The Leicester Pageant
The Leicester Pageant took place over ten days in June 1932 in Leicester's Abbey Park. Over 4000 people participated and many more were involved in designing and making the costumes, writing scripts, organising rehearsals and back-stage support. The event was organised by the famous Pageant Master, Frank Lascelles.
'But what is that of the Pageant of Leicester - the thrilling, throbbing, marvellous creation that has come to life in our midst - the miracle of which we shall talk the rest of our lives through, that which has given us visions and dreams of which we have never thought - where is the spirit to be found?
In the hearts and souls of the performers this magic dwells; it is they who have given body to the great visions of Leicester's past, and her historical associations and her ageless story.'
Backdrop to the pageant
Abbey Park is a Victorian creation, but its history began much earlier in 1143 when Robert de Bossu, the second Earl of Leicester, founded the Augustinian Abbey of St Mary de Pratis on this land outside the town.
At the Dissolution, the abbey and lands were granted to the Marquess of Northampton who later sold it to William Cavendish, first Earl of Devonshire. In the seventeenth century he built a large house nearby with stone removed from the ruins. The house was later used by Charles I during the Civil War and was deliberately gutted and set on fire by his forces after his departure. The charred ruins remain today.
Little remains of the abbey today but its approximate 'footprint' is marked within the grounds. In recent years, much more knowledge of the abbey has been gained from archaeological digs which have been used to train students at Leicester University.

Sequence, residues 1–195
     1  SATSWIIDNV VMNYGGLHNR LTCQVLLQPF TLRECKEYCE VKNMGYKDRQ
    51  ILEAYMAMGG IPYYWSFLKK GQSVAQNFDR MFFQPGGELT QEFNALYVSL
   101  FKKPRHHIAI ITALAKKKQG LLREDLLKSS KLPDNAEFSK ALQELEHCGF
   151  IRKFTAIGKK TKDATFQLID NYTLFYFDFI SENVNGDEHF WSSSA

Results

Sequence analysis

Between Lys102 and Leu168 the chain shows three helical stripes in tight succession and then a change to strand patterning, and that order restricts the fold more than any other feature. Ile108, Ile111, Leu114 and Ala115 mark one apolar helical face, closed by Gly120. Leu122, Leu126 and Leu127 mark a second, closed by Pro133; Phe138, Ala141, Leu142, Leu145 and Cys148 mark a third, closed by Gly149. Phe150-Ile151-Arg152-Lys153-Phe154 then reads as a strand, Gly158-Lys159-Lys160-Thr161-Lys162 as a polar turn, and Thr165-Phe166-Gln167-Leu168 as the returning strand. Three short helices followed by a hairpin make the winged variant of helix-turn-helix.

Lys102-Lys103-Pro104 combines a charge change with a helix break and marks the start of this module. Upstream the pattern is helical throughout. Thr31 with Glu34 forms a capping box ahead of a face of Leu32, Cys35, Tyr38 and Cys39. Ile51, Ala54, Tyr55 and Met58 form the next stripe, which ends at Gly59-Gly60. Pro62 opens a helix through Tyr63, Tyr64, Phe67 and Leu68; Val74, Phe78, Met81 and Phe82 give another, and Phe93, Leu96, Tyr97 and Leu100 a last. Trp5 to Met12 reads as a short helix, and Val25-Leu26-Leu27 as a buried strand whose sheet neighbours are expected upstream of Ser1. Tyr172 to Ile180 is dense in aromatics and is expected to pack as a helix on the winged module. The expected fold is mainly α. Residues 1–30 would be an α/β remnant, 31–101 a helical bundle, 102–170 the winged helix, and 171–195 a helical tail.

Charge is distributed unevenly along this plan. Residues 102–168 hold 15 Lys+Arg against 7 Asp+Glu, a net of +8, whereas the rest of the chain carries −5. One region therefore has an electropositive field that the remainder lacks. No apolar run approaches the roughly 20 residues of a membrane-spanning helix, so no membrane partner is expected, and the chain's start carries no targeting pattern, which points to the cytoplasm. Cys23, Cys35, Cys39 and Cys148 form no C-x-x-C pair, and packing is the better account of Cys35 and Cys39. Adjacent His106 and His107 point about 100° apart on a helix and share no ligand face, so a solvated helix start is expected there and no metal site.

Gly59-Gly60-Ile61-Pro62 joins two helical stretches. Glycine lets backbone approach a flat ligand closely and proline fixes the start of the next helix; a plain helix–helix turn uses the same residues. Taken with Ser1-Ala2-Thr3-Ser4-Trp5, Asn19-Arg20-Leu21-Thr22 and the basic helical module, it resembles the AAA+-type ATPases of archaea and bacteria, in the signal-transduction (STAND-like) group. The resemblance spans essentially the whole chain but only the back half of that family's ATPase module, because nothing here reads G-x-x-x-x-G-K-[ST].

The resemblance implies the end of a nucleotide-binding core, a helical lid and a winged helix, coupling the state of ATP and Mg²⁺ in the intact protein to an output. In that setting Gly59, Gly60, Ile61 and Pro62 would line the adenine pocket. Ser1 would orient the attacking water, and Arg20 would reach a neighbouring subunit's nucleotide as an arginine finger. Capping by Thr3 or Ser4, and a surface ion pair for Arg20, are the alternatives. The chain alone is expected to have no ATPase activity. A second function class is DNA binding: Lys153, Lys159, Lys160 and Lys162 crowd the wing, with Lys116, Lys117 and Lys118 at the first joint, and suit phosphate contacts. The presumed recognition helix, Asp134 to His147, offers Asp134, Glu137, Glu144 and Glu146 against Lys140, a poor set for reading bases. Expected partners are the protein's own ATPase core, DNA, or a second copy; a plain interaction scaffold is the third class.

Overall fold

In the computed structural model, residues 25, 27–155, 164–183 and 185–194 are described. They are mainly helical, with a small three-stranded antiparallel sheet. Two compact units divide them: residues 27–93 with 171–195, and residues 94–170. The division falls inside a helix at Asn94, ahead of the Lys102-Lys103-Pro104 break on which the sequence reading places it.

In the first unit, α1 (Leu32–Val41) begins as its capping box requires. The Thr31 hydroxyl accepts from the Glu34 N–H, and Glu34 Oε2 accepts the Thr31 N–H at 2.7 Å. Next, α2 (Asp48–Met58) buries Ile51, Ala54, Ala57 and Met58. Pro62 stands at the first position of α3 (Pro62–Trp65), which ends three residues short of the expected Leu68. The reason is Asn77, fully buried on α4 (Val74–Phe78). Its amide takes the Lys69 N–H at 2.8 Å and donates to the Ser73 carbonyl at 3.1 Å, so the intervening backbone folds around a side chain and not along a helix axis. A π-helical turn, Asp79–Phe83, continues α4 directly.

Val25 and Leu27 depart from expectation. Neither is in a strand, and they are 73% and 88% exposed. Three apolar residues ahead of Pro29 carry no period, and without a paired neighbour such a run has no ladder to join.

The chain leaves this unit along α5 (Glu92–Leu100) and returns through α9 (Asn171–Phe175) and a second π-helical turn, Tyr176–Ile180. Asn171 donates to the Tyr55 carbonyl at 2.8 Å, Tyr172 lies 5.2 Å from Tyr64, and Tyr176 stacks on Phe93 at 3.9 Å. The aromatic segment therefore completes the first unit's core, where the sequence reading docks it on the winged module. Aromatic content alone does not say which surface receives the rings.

Plans to convert the 57 acres into a public park began in 1879 as part of flood defences along the River Soar. This involved widening and deepening the river, the excavated soil being used to landscape the parkland. Stone weirs and locks, and three new bridges were also constructed, more than 33,000 new trees were planted and an artificial lake was created. It was opened by the Prince and Princess of Wales on 29 May 1882, and extended in 1932 in time for the Pageant.
The man who staged the Empire
Frank Lascelles was born in the village of Sibford Gower in Oxfordshire. He was the son of the Revd Edward Thomas Stevens who was the village priest.
He was educated at the village school before attending Keble College, Oxford, where he became the most notable member of Oxford's dramatic society.
After Oxford, he worked as an actor in London between 1904 and 1906 at Sir Herbert Beerbohm Tree's His Majesty's theatre. It was during this time that he changed his name from Stevens to Lascelles.
He staged his first pageant in 1907. The Oxford Historical was a success, despite initial reservations by the University authorities and a student riot.
The following year he organised the celebrations for the Tercentenary of Canada at Quebec City. Lascelles enlisted the services of the Iroquois and was made an honorary chief under the name of Tehonikonraka, "the man of infinite resource". In 1909 he was Master of Pageantry at the celebration of the opening of the Union Parliament of South Africa in Cape Town. The following year he organised the Pageant of London, performed by a cast of 15,000.
Lascelles was Master of the Pageant at the Coronation Durbar at Calcutta with
the participation of over 300,000 Indians and British Army troops. In
1923 he was Master of the Harrow Pageant and the following year Master of the
Bristol Pageant (Cradle of the Empire) and the Pageant of Empire at the British
Empire Exhibition. Lascelles' imperial triumphs earned him the epithet
"the man who staged the empire".
He was also a sculptor, and among his subjects were the Prince of Wales, the Duke of Connaught, Earl Grey and the Aga Khan. Several of his sculptures are displayed in prominent positions across the former Empire. He sculpted a memorial to his mother in the church at Sibford Gower, as well as painting a Roll of Honour. He also contributed prose and verse to periodicals. In 1932 the Earl of Darnley compiled Our Modern Orpheus, a volume of essays paying tribute to Lascelles.
Lascelles had always been anxious to hide his humble origins, and built a new manor house for himself in Sibford Gower, modelled on a medieval design. He was well-connected, and regularly entertained guests such as Ivor Novello, who wrote the popular song Keep the Home Fires Burning while staying with Lascelles in Sibford.
Towards the end of his life, ill health restricted Lascelles'
finances and he died in poverty on 23 May 1934 in rented rooms in Brighton. He